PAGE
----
Know in your heart that just as a man criticizes his son, so does G-d, your G-d, criticize you. Therefore, keep the commandments of G-d, your G-d; go in His ways; fear Him. (Devarim 8:5-6)
Tisha B’Av is behind us now by two weeks, and most people probably feel its been about four weeks since we sat on the floor and mourned the loss and lack of the Bais HaMikdosh. Why make any connection to the that black day in the Jewish calendar now while we’re supposed to be seeking comfort?
The answer is simple: Moshiach didn’t come and the Temple has not yet returned. Therefore, the messages of Tisha B’Av continue to nag at us until we rectify the situation, EVEN in these days of comfort.
The Zohar says on Parashas Vayishlach, when Ya’akov fought the Angel of Eisav: Anyone who eats on Tisha B’Av is like one who eats the gid hanashe — the sciatic nerve in the hind quarter of an animal which the Torah forbids a Jew to eat. Even though eating on Tisha B’Av is a rabbinical prohibition and eating the gid hanashe is a Torah prohibition, still, the Zohar finds reason to compare, and it is very important to understand why.
To begin with, the Zohar states, the 365 days of the solar year correspond to the 365 tendons in a human body, which correspond to the 365 Negative Mitzvos in the Torah, and, to which an angel has been assigned for each. As it turns out that, the Zohar explains, Tisha B’Av corresponds to the gid hanashe, which corresponds to the prohibition against eating it, which, as you may have guessed (and should have guessed!), is connected to the Angel of Eisav.
In other words, Tisha B’Av is that angel’s day; for the time being, he controls it. Does that not explain Jewish vulnerability on this Jewish ‘Day of Infamy’?
It does. However, it does not explain what connection the gid hanashe serves by being associated with this day. For that, we have to go back to the original struggle between Ya’akov Avinu and Eisav’s guardian angel (Bereishis 32:25).
After struggling the entire night, the Torah tells us, Ya’akov appeared victorious as the sun rose the next morning. However, as Ya’akov got up, the angel took one last shot at Ya’akov, and, unable to damage the body of Ya’akov, which represents Torah, he reached for the thigh of Ya’akov, and caused his sciatic nerve (gid) to jump (hanashe), which, the Zohar says represents the supporters of Torah.
However, it also represents the ‘Chitzonios’, the outer, more external aspects of life, superficialities, if you will. For, the body is really the main part of the person, within which most of the main bodily functions occur. The legs are important, but one could live without them, if, G-d forbid, one was forced to, and therefore, Kabbalistically, they are called ‘bar m’gufo’ — ‘external to the body’.
Thus, the angel’s damaging of the gid hanashe represented a new vulnerability to Chitzonios within Ya’akov and his descendants (even though the tribes were already born). In simple layman’s terms, no matter how spiritual a Jew many become, he still has a vulnerability to be dragged into superficial matters, and, to an extent that he can lost the forest for the trees, and abandon all that is dear to his soul.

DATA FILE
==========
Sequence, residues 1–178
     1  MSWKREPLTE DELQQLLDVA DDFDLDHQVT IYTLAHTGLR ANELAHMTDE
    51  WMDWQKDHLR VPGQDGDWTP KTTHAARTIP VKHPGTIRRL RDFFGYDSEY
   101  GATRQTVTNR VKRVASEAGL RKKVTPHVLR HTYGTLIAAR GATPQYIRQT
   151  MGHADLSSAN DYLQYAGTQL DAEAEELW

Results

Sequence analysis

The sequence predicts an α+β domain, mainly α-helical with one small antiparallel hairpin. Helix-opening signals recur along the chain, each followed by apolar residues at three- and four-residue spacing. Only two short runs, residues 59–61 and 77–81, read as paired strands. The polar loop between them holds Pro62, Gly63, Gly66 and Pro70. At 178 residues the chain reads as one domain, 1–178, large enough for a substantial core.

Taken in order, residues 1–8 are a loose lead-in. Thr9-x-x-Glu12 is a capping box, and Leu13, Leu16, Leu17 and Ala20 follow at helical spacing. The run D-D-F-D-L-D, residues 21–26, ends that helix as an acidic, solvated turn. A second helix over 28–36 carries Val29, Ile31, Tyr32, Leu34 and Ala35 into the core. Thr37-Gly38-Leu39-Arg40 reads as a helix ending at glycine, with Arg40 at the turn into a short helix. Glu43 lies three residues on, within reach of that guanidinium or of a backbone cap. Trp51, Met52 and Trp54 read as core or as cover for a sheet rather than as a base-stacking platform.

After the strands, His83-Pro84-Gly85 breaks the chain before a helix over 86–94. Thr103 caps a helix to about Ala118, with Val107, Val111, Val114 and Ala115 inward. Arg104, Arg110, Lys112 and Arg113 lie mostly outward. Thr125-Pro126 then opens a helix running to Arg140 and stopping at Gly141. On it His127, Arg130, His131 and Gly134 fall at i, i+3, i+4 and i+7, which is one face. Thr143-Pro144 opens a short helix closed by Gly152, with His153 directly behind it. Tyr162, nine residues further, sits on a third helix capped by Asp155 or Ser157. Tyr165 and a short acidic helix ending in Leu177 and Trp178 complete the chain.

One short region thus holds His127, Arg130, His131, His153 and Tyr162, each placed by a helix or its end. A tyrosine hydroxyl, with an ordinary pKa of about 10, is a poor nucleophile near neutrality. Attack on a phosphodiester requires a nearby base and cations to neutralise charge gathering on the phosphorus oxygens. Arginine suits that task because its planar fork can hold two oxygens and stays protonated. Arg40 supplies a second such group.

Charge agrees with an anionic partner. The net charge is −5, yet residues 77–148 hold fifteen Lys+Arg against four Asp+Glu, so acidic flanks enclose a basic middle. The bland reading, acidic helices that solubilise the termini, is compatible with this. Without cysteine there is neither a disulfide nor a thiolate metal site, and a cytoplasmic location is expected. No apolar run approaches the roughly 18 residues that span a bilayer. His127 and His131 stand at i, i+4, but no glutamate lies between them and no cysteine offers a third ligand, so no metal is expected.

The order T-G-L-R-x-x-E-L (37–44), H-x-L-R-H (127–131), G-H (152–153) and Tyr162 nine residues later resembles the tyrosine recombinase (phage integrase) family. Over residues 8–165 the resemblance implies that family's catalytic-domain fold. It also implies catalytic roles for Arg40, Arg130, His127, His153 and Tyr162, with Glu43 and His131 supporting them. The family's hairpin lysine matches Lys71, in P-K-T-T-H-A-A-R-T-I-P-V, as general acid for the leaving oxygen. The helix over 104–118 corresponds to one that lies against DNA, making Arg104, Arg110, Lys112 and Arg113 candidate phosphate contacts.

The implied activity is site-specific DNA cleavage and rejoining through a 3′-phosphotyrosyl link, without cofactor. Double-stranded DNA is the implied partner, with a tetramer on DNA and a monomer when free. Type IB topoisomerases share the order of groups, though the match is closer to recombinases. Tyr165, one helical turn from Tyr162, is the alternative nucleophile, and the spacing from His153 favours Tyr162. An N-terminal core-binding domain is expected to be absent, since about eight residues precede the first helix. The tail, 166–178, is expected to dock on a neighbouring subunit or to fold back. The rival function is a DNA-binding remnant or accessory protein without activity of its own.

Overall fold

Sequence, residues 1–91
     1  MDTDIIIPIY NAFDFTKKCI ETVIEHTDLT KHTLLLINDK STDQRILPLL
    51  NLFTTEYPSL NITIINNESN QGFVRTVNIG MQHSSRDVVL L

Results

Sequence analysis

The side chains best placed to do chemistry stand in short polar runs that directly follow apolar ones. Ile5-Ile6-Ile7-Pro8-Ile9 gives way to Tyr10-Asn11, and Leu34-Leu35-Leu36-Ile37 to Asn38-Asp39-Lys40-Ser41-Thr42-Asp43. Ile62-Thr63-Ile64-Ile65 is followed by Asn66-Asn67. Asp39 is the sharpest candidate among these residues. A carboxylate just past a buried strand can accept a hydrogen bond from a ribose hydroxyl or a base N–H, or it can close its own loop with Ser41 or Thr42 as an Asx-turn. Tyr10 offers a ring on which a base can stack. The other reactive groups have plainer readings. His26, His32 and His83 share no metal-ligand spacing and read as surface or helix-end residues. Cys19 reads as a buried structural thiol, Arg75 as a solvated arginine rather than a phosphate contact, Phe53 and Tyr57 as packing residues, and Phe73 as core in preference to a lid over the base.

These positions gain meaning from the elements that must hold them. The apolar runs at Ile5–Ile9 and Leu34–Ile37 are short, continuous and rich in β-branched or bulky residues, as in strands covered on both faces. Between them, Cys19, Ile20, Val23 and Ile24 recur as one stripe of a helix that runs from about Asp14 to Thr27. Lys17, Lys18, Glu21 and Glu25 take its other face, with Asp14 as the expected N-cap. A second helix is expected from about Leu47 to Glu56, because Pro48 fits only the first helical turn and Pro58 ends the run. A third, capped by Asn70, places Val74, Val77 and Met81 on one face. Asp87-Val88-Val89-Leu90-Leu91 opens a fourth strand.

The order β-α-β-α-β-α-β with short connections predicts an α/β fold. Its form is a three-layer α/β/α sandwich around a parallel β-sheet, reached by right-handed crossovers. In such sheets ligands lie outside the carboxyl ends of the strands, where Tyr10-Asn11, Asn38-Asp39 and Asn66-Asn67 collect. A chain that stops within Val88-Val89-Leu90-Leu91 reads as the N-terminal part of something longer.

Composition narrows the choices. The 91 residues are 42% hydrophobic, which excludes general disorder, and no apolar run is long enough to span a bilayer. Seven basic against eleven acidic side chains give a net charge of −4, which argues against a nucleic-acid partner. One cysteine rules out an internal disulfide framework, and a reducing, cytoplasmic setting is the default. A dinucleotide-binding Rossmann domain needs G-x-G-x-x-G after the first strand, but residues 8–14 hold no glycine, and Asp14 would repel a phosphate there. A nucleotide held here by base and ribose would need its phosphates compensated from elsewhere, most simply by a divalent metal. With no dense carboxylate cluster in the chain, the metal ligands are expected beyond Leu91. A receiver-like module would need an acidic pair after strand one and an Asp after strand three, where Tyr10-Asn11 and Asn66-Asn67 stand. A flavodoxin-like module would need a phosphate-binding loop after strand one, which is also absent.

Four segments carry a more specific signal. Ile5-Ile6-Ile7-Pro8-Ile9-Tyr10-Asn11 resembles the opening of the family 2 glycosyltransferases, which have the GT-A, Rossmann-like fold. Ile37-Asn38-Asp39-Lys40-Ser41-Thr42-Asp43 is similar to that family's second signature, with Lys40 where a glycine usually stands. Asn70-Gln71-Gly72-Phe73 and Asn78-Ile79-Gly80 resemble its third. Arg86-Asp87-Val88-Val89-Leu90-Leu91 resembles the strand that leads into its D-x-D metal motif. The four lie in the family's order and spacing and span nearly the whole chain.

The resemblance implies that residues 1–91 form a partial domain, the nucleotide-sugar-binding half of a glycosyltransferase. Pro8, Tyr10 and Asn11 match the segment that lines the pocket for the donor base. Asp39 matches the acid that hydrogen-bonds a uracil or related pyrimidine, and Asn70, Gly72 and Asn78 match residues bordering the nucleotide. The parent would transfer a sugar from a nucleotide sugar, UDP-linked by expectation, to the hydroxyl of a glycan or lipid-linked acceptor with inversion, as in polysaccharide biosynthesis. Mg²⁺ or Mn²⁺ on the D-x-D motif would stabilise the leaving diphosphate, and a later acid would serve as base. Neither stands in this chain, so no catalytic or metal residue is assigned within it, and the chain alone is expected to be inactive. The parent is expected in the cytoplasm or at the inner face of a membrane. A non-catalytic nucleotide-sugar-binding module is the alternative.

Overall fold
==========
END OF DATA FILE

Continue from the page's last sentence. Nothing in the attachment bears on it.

This was what trapped the tribe of Shimon into taking daughters of Midian, and serving Ba’al Pe’or: they went shopping for linen! That’s right, linen! This is what led the tribes to bring back those same daughters of Midian after taking revenge against Midian, which caused Moshe to become extremely angry with, asking them, “How could you do it?!”
This was really what Yirmiyahu was asking with ‘Eichah’ as well: How could your priorities get so mixed up that you could make the trivial important, and the important trivial, and let things come down to THIS?!” And this is what G-d asked Adam HaRishon after he hate from the Tree of Knowledge of Good and Evil, when He said, “Aiyekah?” which has the same letters as the word ‘eichah’, as if to say, “How could you throw away so MUCH for so LITTLE?”
And, incidentally, the Zohar explains that it was through the left thigh that the yetzer hara entered Adam and mankind.
Thus, Moshe Rabbeinu’s words are just reiterating this message. He is asking us to remember our inherent spiritual vulnerability to be pulled into the world of materialism, to make it so important that we downgrade our spiritual striving and expectations. Fearing G-d, in this context, means being afraid of wasting life and living the life of the nations around us, in EVERY generation.
When we forget and fall, then we are only on the level of ‘Ya’akov’. When we protect ourselves against superficial aspects of life (which may be fine for the gentile nations but not for one who is meant to live close to G-d), then, we rise to the level of ‘Yisroel’.
When one eats on Tisha B’Av, the day that we mourn the loss of the Temple and House of G-d on earth, we blatantly express our choice: ignore the victory of Ya’akov and fall prey to the damage of the Angel of Eisav, his world of chitzonios, and, at least in a spiritual sense, consume the very symbol of the warning against doing so: the gid hanashe.
Now, Israel, what does G-d, your G-d, want from you, except to fear G-d… (Devarim 10:12)
President Roosevelt said, “We have nothing to fear but fear itself.” His words were those of encouragement to a distraught generation which had become debilitated by The Great Depression of the Thirties. He had to stimulate the generation and instill within them enough confidence so that they would be willing to take risks and get the economy going once again and the country back on track.